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Published 07 May 2024

I heard somewhere a long time ago that nobody ever dreams of their smartphone. And that’s proof somehow that we really are living in the Matrix: the technology that controls us carefully conceals its tracks within our subconscious. Since then I’ve been haunted, looking for my phone in my dreams. But somehow it’s true: the object I spend the most time with is the one that never appears to me at night. I’m blessedly free of it in Morpheus’ realm, this thing I can’t stand and can’t bear to part with. No texts, no screen, no videos and no Siri. Just me and my analog explorations, nightmare and daydream unmarred by the digital turn. Living in a simulation is a small price to pay for such freedom.

The dreamscape of others is a somewhat contentious and inaccessible space. I have the sense that dreams, that last vestige of creativity free from exploitation (yes, I’m talking about labor in the arts), too easily become bleached with overuse. As soon as we try to pin them down they lose all substance, any real interest. They are unable to bear the burden of structured interpretation. The individuality of the dream is such that when a collective one appears, it must be nurtured.

Which is why this digital zine, as a collective moment of dream exploration, is all the more powerful. The theme of Exit Night, Enter Light – nightmares/daydreams – and its title (taken and twisted from a Metallica song) were chosen democratically as the most interesting and fruitful topic for exploration by the first-year master students in Contextual Design at Design Academy Eindhoven. Over a period of three months, they conceptualized, designed and produced this document of the dream in all forms. It’s an upside-down project, latching on to the functionalities of The Couch but operating in a dream facade where up is down, left is right and front is back.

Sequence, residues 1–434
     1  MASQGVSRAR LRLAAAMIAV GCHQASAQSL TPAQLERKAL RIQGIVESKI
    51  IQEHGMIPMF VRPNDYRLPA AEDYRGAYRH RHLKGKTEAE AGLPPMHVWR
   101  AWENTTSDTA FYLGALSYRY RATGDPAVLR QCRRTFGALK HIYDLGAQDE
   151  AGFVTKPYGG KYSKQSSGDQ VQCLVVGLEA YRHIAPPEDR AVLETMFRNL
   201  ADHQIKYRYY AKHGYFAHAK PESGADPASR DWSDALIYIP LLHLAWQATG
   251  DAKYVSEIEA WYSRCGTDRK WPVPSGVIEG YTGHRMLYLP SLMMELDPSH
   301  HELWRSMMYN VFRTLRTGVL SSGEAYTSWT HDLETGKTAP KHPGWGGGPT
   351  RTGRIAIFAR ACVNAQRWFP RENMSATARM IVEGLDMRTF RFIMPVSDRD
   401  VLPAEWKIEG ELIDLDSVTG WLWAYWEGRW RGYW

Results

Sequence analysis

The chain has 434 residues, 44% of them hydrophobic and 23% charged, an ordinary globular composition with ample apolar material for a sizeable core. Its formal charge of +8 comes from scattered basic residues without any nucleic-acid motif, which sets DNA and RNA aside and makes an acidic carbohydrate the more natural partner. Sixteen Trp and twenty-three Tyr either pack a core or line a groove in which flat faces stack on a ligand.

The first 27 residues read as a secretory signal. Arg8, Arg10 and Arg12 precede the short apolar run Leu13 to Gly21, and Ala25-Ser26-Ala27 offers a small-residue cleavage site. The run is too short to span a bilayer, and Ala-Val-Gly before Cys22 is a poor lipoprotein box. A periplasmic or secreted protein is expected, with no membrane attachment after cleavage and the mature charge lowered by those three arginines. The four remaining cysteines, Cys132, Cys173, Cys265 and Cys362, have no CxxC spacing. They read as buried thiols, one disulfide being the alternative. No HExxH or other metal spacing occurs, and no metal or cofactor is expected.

A scene from the making of Exit Night, Enter Light at DAE

Perhaps you are calling to the absurd, surreal aesthetic of a fleshy toilet spinning in the dark or a chair melting like silicon. Or you alight upon the Korean snake dream (which pregnant people experience before giving birth) or the unknowable Malagasy monsters or the sound of snowy forest in Oslo. Or you gain access to a trip to a masc barbershop that you’d never go to; catch a snippet of Harry Belafonte singing about bananas; don armor you’re not allowed to wear. There’s more - much more.

I want to thank the incredible students of Contextual Design for throwing themselves into this project and taking on tasks outside their classes. They are brilliant, clever and truly collaborative. I won’t name them all - you just need to get to know them through their contributions. I also thank Afaina de Jong for making this project possible and Melisa Cenik for (needed, critical) advice and developing the concept. And most of all, a huge thank you to Sophie Keij for leading the students through the process of collective design, and Simon Dirks for his wizardry in making the students’ design come to life in this website. And of course Design Academy Eindhoven for facilitating this project, which I surely hope we can repeat next year.

A tendril of dream logic escapes through the structures of The Couch and onto your screen. Let the zine entry you need most float up to you, attracted by the scent of your subconscious. And may you dream freely.

We collected all sources in one place, so you can browse through them all.

In this series